The answer is as simple conceptually as it is elusive from a practical perspective: make the right choice the easy choice. We've created an economic culture that is based on immediate gratification, convenience, and irrationality. Many people want to be more conscious consumers both for their personal health and environmental health, but those issues are not necessarily top of mind at the point of consumption and, if they are, it might not be readily apparent how to exercise those preferences quickly and in the context of other factors that drive consumer behavior. 

    Messaging or advertising is not effective unless it is used to drive people to resources, tools, and products that make it easier for them to express their long-term preferences for deferred benefits like better health.

    To me, there are four interrelated strategies for creating real change, and I think the geo-political focus for these should be at the local and community level and not the federal level:

    1. Built environment: look for opportunities to change or create permanent infrastructure in a way that supports the behaviors you want changed or reinforced.
    2. Policy: look for opportunities to create policies at the government and corporate level that either make it easier to make the right choice or harder to make the less preferable choice.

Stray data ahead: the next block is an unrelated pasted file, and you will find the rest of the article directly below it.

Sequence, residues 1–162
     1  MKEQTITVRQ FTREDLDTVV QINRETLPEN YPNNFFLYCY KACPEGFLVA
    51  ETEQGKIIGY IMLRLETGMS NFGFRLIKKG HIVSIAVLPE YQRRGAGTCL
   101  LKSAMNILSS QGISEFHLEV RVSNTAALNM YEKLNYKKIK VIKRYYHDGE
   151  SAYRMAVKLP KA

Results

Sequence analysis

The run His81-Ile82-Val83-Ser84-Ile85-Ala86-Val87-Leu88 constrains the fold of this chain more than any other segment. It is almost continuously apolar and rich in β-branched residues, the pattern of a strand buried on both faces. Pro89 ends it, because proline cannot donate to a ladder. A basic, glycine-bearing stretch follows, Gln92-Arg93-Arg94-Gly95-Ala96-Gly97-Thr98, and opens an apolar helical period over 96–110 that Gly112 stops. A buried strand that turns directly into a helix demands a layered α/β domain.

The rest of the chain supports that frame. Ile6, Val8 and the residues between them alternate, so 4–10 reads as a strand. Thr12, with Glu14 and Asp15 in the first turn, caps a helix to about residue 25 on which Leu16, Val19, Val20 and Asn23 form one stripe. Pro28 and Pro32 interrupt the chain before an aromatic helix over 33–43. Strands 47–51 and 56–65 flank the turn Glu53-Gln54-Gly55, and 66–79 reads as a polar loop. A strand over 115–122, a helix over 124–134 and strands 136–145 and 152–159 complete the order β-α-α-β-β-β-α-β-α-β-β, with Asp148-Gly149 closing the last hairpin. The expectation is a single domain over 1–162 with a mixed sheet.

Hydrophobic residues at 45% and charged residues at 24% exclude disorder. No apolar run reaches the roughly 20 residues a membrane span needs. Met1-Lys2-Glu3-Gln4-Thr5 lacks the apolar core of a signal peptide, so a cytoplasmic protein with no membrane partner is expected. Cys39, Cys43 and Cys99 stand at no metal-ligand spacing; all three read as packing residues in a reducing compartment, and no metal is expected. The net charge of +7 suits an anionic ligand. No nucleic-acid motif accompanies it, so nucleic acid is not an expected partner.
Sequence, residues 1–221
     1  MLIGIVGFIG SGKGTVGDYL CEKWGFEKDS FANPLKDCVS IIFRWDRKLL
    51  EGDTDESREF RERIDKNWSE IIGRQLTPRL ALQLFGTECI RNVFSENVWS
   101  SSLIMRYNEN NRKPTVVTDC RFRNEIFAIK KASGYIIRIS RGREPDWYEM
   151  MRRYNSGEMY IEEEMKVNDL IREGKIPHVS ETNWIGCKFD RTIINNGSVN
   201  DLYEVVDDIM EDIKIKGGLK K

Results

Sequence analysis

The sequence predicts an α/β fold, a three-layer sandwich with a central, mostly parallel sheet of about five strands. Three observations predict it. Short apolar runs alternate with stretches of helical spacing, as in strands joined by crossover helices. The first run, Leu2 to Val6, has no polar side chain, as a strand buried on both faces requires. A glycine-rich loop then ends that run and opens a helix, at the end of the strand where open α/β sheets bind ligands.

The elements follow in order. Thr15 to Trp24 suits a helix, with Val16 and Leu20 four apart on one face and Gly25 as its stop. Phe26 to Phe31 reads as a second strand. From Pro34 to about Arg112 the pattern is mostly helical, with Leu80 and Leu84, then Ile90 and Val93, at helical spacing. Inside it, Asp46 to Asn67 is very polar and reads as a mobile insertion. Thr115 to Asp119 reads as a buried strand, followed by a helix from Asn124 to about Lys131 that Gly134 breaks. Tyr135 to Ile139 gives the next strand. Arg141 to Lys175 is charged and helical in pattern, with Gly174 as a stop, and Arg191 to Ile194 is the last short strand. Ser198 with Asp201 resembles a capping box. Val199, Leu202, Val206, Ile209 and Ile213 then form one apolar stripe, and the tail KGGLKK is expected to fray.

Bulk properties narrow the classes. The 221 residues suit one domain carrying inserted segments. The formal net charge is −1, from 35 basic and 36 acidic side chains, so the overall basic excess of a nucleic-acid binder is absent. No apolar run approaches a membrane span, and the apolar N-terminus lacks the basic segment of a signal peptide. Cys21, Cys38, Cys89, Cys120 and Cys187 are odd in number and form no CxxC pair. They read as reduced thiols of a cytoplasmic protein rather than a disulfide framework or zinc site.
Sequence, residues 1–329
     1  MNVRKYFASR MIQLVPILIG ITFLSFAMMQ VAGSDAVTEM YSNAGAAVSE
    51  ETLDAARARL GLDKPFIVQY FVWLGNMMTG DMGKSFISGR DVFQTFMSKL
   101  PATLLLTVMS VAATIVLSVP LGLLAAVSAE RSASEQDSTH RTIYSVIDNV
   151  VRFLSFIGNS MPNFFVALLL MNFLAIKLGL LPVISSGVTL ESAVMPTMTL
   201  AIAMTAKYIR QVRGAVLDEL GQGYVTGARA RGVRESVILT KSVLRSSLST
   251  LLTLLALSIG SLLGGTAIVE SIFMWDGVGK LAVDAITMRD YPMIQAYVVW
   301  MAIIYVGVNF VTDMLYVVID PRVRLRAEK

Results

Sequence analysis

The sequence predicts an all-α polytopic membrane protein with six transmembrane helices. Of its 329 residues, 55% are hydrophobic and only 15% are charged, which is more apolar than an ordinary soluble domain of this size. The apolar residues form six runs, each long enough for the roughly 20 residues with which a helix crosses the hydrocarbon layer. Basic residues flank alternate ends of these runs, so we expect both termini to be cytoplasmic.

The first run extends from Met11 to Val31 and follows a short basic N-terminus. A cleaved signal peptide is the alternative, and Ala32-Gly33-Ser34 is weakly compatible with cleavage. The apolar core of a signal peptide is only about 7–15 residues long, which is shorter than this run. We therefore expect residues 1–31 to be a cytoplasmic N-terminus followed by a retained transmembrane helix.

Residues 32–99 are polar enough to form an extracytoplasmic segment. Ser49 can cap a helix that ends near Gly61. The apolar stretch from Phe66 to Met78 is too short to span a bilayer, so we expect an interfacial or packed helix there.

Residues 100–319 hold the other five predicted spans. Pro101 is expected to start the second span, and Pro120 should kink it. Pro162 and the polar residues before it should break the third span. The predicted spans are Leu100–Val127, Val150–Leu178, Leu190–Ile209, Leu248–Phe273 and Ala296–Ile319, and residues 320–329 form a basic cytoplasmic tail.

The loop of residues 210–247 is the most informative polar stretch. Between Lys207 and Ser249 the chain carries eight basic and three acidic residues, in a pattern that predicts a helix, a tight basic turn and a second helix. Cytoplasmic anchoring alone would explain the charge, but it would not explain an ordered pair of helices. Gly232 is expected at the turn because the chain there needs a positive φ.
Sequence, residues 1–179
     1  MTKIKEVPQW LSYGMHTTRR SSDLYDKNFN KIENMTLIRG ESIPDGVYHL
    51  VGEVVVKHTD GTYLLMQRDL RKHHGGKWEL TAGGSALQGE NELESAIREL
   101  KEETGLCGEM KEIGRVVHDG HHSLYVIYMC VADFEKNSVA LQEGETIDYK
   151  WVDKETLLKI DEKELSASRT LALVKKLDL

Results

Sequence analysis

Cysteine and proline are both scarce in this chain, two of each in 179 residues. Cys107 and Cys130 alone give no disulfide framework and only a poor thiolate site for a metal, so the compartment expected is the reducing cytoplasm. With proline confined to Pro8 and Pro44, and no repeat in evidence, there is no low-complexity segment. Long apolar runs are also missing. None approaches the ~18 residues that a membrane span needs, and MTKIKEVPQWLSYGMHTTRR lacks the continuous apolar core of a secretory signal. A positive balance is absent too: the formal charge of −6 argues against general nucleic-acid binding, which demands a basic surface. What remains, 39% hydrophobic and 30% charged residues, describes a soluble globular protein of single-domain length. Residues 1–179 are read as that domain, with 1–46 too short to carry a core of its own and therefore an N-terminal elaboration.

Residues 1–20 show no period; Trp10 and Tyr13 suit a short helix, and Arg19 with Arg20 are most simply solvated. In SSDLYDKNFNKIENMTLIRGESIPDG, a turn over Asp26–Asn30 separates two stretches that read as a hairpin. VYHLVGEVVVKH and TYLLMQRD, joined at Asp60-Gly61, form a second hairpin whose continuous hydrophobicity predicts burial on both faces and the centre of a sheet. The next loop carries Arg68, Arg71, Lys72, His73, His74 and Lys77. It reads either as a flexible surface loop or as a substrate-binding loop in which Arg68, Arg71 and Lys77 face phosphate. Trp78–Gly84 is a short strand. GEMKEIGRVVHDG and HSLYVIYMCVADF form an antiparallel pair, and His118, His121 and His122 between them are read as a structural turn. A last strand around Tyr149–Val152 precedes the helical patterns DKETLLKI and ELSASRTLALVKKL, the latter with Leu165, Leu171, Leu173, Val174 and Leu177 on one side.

3. Programs: institute programs that provide people with the capacity or pathway to making the right choice.
    4. Partner: find other active groups to work with who have a similar or same agenda even if their concerns are different.

    Which do you see as more effective in bringing about actual social change—changes in policies and legislation, or changes in individual behavior?

    Both. Although not always politically feasible, the best policies or legislation are those that compel or incentivize people to change behavior.

    You’ve been a member of the board of the Center for a New American Dream for several years. What drew you to New Dream, and what role do you see the organization playing in encouraging the kinds of social or behavioral changes discussed above?

    The Center for a New American Dream has long mirrored my personal and academic passions, so becoming involved with the organization was a dream come true for me, if you'll pardon the pun. I'd like to see the organization play an increasingly important role in helping people organize and advocate for change at the community level. This effort could include technical assistance, program tool kits, developing pilots, sharing of best practices, and connecting people across communities for sharing successes and failures.

    Alan Balch is Vice President of the Preventive Health Partnership between the American Cancer Society, American Heart Association, and American Diabetes Association. He is former Executive Director of Friends of Cancer Research and a Course Instructor in the Environmental Studies Department at the University of California, Santa Cruz. Alan received his Ph.D in Environmental Studies from the University of California/Santa Cruz and his M.S. in Environmental Sciences from the University of Texas.